Pity the poor Quadrantid meteor shower. Even though it puts on such a spectacular show for us, its timing – in the midst of the bitterest part of winter, at a time when most people are still nursing New Year’s hangovers – ensures that it will always fall behind summertime showers like the Perseids in popularity.
But for those who brave the cold, the Quadrantids hold the promise of a dazzling display. Astronomers predict that the shower will peak between Jan. 3 and Jan. 4 this year. The International Meteor Organization thinks the peak will come at about 19:30 Universal Time on Jan. 3 – about 2:30 in the afternoon for those on the U.S. East Coast, meaning that people across the Atlantic will likely have a better view. But peak predictions are not always 100 percent accurate, so it may still be possible to catch some meteors on Friday night in the U.S. And seeing the shower will be made easier thanks to the fact that that night’s moon will be just a slim crescent that sets early in the evening.
“Meteor showers are a crapshoot; you might see lots, or just a few,” writes Phil Plait of Slate. “However, unlike at a casino, pretty much no matter what happens, you win in the end: You spend a night out under the stars, watching the sky.”
If you can get to an area with open sky, away from the lights of the city, you may see some of the characteristic Quadrantid fireballs after sunset on Jan. 3. While most meteor showers peak over two days, the window of opportunity is much shorter for the Quadrantids, just a few hours.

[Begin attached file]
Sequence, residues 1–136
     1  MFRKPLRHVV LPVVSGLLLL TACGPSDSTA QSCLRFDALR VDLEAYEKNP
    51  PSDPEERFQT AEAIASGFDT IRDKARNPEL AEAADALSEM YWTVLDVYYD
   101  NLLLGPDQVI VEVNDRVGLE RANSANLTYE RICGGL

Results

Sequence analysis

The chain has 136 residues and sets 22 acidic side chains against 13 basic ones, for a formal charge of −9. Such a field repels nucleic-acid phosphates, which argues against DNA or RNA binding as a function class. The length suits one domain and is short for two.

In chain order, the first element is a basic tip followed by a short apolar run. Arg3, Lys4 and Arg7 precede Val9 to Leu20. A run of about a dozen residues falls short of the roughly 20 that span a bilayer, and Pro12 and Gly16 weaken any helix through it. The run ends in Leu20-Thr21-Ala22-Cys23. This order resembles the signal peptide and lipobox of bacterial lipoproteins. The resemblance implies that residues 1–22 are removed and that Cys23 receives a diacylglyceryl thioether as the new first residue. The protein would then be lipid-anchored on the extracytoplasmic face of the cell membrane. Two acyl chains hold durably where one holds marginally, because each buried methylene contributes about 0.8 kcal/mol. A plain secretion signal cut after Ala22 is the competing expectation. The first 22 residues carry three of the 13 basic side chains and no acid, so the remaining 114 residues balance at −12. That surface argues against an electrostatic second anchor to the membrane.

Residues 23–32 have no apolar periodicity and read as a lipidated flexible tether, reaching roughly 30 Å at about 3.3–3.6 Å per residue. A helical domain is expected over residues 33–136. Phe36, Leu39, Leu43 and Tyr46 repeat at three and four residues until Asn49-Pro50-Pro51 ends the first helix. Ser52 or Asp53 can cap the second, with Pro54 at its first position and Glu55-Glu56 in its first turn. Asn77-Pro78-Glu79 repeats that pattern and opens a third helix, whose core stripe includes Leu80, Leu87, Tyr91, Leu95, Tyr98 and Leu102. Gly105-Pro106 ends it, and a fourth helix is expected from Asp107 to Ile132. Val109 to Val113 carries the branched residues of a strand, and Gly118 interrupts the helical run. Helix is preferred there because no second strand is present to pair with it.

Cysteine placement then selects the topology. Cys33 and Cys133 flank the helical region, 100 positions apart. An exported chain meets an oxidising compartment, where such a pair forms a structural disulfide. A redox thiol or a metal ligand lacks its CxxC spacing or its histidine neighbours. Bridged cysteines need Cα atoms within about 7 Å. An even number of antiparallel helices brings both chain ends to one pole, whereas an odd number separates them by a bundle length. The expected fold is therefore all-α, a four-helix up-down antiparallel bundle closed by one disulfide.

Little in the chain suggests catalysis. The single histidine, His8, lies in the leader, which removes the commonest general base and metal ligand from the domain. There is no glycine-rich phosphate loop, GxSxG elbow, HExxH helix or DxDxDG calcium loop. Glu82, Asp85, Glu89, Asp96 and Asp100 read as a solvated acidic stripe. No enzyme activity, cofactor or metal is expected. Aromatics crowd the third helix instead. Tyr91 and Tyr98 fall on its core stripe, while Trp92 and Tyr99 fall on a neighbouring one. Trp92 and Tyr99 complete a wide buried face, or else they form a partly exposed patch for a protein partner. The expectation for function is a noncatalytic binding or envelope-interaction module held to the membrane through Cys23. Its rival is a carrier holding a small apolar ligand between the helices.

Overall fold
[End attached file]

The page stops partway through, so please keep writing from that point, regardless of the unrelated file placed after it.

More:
“The reason the peak is so short is due to the shower's thin stream of particles and the fact that the Earth crosses the stream at a perpendicular angle,” NASA explains.
Most meteor showers are bits of comets that have broken off and been left behind in the comet’s path. As the Earth orbits the sun, it occasionally crosses through these streams of debris, and the meteors enter the atmosphere and burn up, creating bright streaks as they fall toward Earth (if they end up falling to the ground, they can be properly called meteorites). The meteors will generally appear to originate from one spot among the stars; this imaginary origin point, or radiant, will usually give the shower its name (Perseids appear to come from the constellation Perseus, Geminids from Gemini, and so forth).
The Quadrantids’ parent body is assumed to be an asteroid called 2003 EH1, an asteroid that might be the rocky ghost of a comet that’s shed all of its ice. The name of the shower comes from an obsolete constellation called Quadrans Muralis, between Draco and Bootes (and near to the handle of the Big Dipper). French astronomer Jerome Lalande named the grouping of stars after a device used to measure angles, but the constellation was left off an official list compiled by the International Astronomical Union (the same dastardly group that stripped Pluto of its planetary title) in 1922.
The Quadrantids kick off a year that might see an entirely new meteor shower. In May 2014, astronomers think that Earth might see its first crop of shooting stars as it passes through the trail of Comet 209P/LINEAR, a body discovered in 2004 that comes near the sun about once every five years. Calculations predict that any such meteor storm would appear to radiate from the constellation Camelopardalis, named for the archaic Roman term for a giraffe.